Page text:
White privilege permeates every part of our society, and children’s media is certainly not immune from this affliction. “Data collected by the Cooperative Children’s Book Center indicates that from 2008-2012 only 10% of children’s books published were about people of color despite the fact that 37% of the U.S. population are people of color. That means that 90% of all children’s book published in the United States feature white characters or animals” (Kysia 2014). This lack of representation is not a recent phenomenon, and one that has been spoken of since at least 1965, given Nancy Larrick’s work from that year titled, “The All-White World of Children’s Books”, it is not difficult to see this issue has a long history, and that it continues to plague the industry today. This is also not only a problem in the United States, but everywhere white privilege holds sway. For example, from Ambelin Kwaymullina, an Aboriginal writer from the Palyku people of Australia: “What is to happen to us now, if we cannot find ourselves in stories? What is to happen to all the marginalised peoples of the earth? In the words of Honduran-Puerto Rican author Vanessa Martir: ‘When you don’t learn the history of your people and don’t read their literature, when all you read and learn is white and Western and male, and so very different from anything you’ve ever known and loved, you inevitably begin to believe that you are less…’” (Kwaymullina 2015). While there has been some progress in bringing children of color and native children onto the pages of books in recent years, as seen in the images below reflecting the CCBC’s findings in 2012 and 2015, it is clear that white children are afforded more “mirrors” on the page than children of color.
The “windows and mirrors” theory has been summarized by many authors and researchers, and essentially states, “with access to mirror texts, students are able to see that their narrative matters, and with access to window texts, students learn to understand and appreciate the narratives of others” (Everett n.d.). White privilege in the form of sheer numbers has skewed the number of mirrors and windows available to children, but these numbers alone are not the only example of white privilege in children’s media.
In addition to counting the number of books published about children of color, the CCBC also records the number of books published by people of color. Here one can also find a troubling effect of white privilege: many of the books published ABOUT children of color are not created BY people of color. Following is a break down from Lee & Low books, the largest multicultural children’s book publisher in the country, regarding the disparity between books about and by people of color:
In discussing these figures, the author states, “It’s disconcerting that more than half the books about people of color were created by cultural outsiders. Realistically, these numbers likely mean that there are more white creators speaking for people of color than people of color speaking for themselves. This problem may stem from a long history in which people of color have been overlooked to tell their own stories in favor of white voices” (Ehrlich, 2015). In addition to showing a preference for white authors and illustrators, this also calls into question the “quality and cultural authenticity” of these titles. “Who is checking to make sure diverse books are culturally accurate and do not reinforce stereotypes? Are cultural consultants being routinely employed to check for accuracy?” (Ehrlich, 2015), these questions and more are needed to ensure that titles that are published don’t contribute further to white privilege by allowing white voices to replicate negative images. While there has been an increase in the number of “sensitivity readers” checking these titles for the quality and authenticity of their representation (Fallon, 2017), the very fact that it is easier for white authors to be published than authors of color alone is an example of white privilege in the children’s publishing industry.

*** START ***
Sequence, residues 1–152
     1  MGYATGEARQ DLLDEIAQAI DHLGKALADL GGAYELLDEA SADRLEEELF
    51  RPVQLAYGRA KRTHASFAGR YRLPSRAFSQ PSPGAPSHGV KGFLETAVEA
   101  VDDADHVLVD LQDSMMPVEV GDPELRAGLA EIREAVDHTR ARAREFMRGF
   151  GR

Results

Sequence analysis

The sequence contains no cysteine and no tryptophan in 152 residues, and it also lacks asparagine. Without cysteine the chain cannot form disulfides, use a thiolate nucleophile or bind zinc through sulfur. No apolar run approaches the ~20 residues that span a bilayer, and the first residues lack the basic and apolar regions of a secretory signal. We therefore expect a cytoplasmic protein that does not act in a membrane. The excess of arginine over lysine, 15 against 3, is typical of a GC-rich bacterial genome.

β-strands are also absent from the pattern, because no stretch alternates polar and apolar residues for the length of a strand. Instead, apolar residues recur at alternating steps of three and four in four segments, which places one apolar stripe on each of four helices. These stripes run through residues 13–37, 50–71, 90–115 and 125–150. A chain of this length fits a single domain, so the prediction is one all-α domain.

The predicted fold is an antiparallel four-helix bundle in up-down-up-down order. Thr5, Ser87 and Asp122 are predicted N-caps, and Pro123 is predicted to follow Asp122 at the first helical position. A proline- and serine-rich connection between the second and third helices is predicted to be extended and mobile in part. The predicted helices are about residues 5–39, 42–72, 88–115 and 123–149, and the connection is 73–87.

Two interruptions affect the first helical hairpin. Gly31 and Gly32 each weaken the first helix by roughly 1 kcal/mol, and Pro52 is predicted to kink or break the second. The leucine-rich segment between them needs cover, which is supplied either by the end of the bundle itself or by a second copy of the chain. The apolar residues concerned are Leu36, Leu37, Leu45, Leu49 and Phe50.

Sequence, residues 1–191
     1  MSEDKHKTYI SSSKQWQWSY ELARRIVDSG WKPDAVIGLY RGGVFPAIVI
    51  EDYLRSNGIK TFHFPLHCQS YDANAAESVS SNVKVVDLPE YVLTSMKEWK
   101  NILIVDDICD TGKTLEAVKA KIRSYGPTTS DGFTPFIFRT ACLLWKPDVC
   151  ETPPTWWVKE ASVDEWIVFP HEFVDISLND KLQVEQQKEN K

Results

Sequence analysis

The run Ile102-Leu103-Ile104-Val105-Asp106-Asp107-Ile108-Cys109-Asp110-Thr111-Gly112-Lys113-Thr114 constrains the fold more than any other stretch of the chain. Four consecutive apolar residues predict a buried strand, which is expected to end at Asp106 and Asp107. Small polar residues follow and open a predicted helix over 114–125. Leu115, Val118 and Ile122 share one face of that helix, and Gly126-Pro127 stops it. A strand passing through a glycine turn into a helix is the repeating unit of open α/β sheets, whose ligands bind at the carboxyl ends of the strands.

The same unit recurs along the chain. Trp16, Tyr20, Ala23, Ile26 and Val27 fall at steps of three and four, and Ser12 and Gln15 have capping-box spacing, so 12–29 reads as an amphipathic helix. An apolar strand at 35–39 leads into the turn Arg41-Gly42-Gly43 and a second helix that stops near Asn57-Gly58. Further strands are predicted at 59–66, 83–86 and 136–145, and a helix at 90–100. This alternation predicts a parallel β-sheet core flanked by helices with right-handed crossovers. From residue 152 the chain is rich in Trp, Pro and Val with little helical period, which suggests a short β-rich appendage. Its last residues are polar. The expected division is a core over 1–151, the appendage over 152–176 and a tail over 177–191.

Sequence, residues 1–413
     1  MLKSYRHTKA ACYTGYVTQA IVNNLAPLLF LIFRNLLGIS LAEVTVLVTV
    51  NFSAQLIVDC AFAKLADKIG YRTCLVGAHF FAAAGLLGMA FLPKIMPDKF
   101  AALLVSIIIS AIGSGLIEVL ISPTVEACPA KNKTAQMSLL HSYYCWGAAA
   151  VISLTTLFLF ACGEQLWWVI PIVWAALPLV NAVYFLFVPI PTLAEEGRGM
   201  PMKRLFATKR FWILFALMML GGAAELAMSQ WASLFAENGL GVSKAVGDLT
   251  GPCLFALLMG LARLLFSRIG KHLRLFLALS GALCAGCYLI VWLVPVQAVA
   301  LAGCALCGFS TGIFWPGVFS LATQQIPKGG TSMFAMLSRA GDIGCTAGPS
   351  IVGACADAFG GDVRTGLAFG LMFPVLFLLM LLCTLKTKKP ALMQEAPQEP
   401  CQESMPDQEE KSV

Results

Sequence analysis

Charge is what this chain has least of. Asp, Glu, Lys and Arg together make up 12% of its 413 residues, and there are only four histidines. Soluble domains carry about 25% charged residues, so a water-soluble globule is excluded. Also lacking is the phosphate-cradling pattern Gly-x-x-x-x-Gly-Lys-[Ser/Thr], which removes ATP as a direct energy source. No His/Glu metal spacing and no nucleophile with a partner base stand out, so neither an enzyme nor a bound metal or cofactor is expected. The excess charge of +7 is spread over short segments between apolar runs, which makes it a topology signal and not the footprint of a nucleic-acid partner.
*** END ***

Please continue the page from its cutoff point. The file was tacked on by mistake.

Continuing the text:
Further, white privilege can be seen in which books are nominated for and win the prestigious children’s literary awards, such as the Caldecott in the United States or the Carnegie in the United Kingdom. Winning a Caldecott award, for example, gives a book staying power on shelves, keeping it in circulation and thus in the hands of children for many years beyond its initial publication. However, the characters in Caldecott books are overwhelmingly white, as can be seen in the image below from Angela Moffett’s 2016 work “Exploring Racial Diversity in Caldecott Medal-Winning and Honor Books”:
Beyond simply the racial makeup of the titles, most that feature people of color or native peoples “present them as historical or fantastical, are folk or fairytales, or take places in countries other than the United States” and thus these titles “do not provide a mirror of a child’s own world but serve only as a window even when the protagonist is of the same race” (Moffett, 2016, p. 79-80). While the Caldecott has attempted to diversify in recent years, and other awards such as the Coretta Scott King award and the Pura Belpré award have been established to address this issue, it is still very much a problem today. The 2016 Carnegie medal longlist featured no authors of color “despite strong showings by writers of colour in every other major children’s book prize this year” (Kean 2017). While this did prompt a major backlash amongst authors, it is yet another example of the ways in which white privilege continues to permeate children’s literature.